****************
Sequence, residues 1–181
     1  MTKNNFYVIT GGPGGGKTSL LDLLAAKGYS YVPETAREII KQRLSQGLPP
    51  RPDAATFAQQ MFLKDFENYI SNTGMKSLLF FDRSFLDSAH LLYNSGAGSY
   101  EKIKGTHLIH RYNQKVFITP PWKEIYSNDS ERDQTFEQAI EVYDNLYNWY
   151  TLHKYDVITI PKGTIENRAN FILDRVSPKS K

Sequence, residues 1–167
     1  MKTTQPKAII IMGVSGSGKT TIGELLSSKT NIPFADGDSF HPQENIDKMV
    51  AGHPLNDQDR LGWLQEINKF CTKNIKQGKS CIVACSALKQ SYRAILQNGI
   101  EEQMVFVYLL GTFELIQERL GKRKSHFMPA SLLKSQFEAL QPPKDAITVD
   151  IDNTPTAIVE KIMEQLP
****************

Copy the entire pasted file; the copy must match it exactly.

Sequence, residues 1–181
     1  MTKNNFYVIT GGPGGGKTSL LDLLAAKGYS YVPETAREII KQRLSQGLPP
    51  RPDAATFAQQ MFLKDFENYI SNTGMKSLLF FDRSFLDSAH LLYNSGAGSY
   101  EKIKGTHLIH RYNQKVFITP PWKEIYSNDS ERDQTFEQAI EVYDNLYNWY
   151  TLHKYDVITI PKGTIENRAN FILDRVSPKS K

Sequence, residues 1–167
     1  MKTTQPKAII IMGVSGSGKT TIGELLSSKT NIPFADGDSF HPQENIDKMV
    51  AGHPLNDQDR LGWLQEINKF CTKNIKQGKS CIVACSALKQ SYRAILQNGI
   101  EEQMVFVYLL GTFELIQERL GKRKSHFMPA SLLKSQFEAL QPPKDAITVD
   151  IDNTPTAIVE KIMEQLP